I spent the last couple of days trying to figure out why my new Arduino 101 would load sketches perfectly fine from my Macbook but would not load at all from Windows 10!
It turns out that if your user account in Windows 10 has a space in the name ( like "Joe Smiths Account" ) then the Arduino IDE gets lost when it tries to upload a sketch to the Arduino 101 board.
When I created a new user account on my Windows 10 system that did not have any spaced in the name, ( like "JoesSmithsAccount" ) then the Arduino 101 loaded sketches properly, as long as I was logged into the new account.
Hope this is helpful!
1 of 1 found this helpful:
I love the new features of the Arduino 101. Integrated 6DOF sensor? Built in, easy to use bluetooth? The promise of a future neural net? But there's a big blemish on the first batch: The quality control is lousy. Out of the box, the headers on my board never lined up. And within a few weeks of using it, the standard digital pins stopped working, leaving me with only the analog pin bank.
I'm sorry to hear this. Please contact us for assistance- https://www.sparkfun.com/technical_assistance
2 of 3 found this helpful:
There are issues with the IDe being able to upload code to the board even after installing the core, and the examples claimed to come with the software are only partially included. Good design and features, but it needs fixing.
The ESPs have all kind of wierd issues and and seem to be hard to get working. I haven't used any bluetooth but the board works and isn't a hassle like ESPs.
I was really looking forward to developing an iOS control panel for my Arduino projects when I saw the logo for nRF's Master Control Panel: three sliders for inputs, two gauge readouts for output... I ought to be able to construct a highly customized user interface, right? well, so far, wrong. Where is the development environment for the nRF MCP? Or the nRF Toolkit?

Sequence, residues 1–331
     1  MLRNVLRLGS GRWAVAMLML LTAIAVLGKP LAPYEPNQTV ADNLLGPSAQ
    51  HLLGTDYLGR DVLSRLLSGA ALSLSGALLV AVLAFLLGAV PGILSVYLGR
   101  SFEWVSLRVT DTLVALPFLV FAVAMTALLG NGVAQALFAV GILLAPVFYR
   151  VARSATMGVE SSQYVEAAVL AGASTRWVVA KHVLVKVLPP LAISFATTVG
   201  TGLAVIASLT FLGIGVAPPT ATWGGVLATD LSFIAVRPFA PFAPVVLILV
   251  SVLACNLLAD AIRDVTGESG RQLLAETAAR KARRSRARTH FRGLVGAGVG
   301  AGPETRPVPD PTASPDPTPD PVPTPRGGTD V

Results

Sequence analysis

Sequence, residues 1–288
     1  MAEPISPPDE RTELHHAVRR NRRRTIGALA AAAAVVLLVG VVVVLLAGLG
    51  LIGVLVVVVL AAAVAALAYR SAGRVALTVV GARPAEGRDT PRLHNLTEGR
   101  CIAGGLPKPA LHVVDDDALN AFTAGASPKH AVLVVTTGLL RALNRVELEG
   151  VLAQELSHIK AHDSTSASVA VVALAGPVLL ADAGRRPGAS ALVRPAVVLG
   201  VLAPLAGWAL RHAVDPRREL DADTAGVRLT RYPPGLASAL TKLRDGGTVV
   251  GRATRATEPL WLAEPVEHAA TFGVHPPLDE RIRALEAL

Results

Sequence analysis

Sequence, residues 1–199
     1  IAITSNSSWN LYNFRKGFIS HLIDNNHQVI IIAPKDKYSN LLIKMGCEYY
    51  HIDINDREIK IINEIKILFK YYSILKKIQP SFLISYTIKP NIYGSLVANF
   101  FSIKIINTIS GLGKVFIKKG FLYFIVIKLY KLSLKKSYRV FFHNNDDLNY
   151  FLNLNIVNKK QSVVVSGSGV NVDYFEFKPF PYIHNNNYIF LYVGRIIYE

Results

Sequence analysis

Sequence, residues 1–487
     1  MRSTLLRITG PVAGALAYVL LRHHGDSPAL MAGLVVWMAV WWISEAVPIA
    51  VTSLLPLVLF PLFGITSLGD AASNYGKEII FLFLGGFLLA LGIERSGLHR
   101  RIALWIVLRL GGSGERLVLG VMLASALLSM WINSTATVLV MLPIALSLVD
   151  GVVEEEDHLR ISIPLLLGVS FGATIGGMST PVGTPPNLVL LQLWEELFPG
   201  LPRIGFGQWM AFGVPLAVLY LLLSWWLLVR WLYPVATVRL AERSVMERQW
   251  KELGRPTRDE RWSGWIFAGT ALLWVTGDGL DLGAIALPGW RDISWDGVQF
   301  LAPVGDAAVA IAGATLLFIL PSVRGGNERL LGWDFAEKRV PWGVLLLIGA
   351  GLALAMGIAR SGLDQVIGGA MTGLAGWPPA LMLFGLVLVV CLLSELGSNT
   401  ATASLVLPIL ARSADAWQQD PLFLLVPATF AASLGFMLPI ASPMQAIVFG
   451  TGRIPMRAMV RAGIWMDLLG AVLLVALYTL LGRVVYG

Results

Someone's gotta say it: clicking on an arrow icon, seeing the soft keypad come to life on my iPhone, switching over to the numeric soft keypad, backspacing over the last digit of the previous entry, typing in a 1 or a 0, and then watching the... wait for it... LED on the Arduino 101 to change state, is a buzzkill. I have no problems on the Arduino side, I can get it to do anything I want depending on what was transmitted from the phone. But on the phone side this "system" needs some acceleration. Can Sparkfun link to someplace I can find a development environment?
In the meantime, I just bought a LightBlue Bean. At least those folks realized that it REALLY helps to deliver an ecosystem.
I like the Curie on the 101. I like the 6-axis motion sensors. but nRF needs to realize how much more they can accomplish when they expand their potential user base 100X by providing some useful tools. So, i give 5 points for the 101's hardware, but hindered by -2 for the BLE stuff on the smartphone side of things.I'm sure there are some people who can make this thing really sing but I'm not one. yet.
I love the board. There are so many applications with the BLE and built in gyro. The software for the IDE gives me a hard time with Windows 10. Other than that, it's great!